To help you decide which one is the best for you and your dog, check out this .pdf document showing a chart to compare the features of several dog car seat belts. These brands include the ClickIt Utility, ClickIt Sport, AllSafe, Ruff Rider Roadie, Bergan, Kurgo Tru-Fit, Kurgo Go-Tech, PetBuckle, and the Guardian Gear/Cruising Companion (G.G. & C.C.) brands. The chart compares safety, quality, price, ease of use, and ten other features.
My Pet Auto Safety dogs, Maya and Pierson, have had a chance to review all but one brand. I like the ClickIts because they keep Maya in her seat, which can be difficult. I like the AllSafe because the quality is so great. I like the Ruff Rider because it is made in the USA and it is lightweight yet still durable. I like the Bergan because it’s padded and because the tether is so easy to use. I like the Kurgo because I like how it fits Maya, and I like the quality of all Kurgo products. And I liked the G.G. & C.C. dog car harness brands because they are stylish and inexpensive.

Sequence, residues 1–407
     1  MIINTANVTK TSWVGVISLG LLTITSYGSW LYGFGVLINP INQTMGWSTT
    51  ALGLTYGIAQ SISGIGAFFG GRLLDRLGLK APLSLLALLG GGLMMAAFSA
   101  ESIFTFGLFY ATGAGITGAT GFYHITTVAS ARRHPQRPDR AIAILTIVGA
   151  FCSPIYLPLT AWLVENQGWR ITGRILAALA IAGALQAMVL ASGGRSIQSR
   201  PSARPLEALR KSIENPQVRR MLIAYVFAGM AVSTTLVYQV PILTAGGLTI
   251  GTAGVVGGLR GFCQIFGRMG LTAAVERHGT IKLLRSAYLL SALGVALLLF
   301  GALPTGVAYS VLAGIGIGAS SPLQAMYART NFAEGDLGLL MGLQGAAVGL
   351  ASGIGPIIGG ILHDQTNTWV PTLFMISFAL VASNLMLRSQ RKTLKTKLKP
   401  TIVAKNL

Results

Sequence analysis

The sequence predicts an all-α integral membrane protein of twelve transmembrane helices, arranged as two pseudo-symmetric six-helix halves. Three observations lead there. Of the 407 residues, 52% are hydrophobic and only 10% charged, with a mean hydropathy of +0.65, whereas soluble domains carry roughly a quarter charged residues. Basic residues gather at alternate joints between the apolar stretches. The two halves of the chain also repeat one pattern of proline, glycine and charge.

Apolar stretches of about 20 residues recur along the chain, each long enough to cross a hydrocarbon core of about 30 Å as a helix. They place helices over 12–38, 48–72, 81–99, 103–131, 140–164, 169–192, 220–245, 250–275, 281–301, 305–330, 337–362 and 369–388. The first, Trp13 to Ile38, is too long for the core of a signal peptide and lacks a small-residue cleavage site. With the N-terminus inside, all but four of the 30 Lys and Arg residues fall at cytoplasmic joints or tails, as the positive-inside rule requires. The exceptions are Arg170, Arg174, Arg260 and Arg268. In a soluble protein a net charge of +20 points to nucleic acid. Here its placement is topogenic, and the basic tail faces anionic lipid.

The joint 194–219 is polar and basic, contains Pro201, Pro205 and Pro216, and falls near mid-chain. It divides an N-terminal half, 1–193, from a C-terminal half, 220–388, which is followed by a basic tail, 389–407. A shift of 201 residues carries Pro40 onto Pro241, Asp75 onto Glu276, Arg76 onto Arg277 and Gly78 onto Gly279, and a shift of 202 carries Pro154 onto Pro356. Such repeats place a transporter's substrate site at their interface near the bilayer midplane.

Which features appeal the most to you?
More and more people are traveling with their pets and thinking of their safety. And as such, 2014 was a great year for new (or new to us) and innovative pet travel products. My dogs Maya and Pierson got to try out a few of them.
Pet Dek – We used the Kurgo Backseat Bridge for years and loved it. But then something better came along. The Pet Dek is flatter and much sturdier.
Portable Pet Travel Flat Seat – Shortly after we got the Pet Dek, a company contacted us about their new seat extender, the Portable Pet Travel Flat Seat. Although I love the Pet Dek, I love the Flat Seat more! I think Maya and Pierson do too.
Car-Go Pop-Up Shelter – My dogs Maya and Pierson are too big to try out the Car-Go Pop-Up Shelter, but I love the concept. It’s a great way for smaller dogs to ride in the back seat of the car or in the cargo area of the SUV. The Car-Go can even be used in the home.
Allsafe Dog Car Harness– This is not a new product. It has been around in Europe for years. The AllSafe dog car harness is German engineered and has been crash tested both in Europe and the US. Its quality is phenomenal and I absolutely love it. It looks great on my Maya.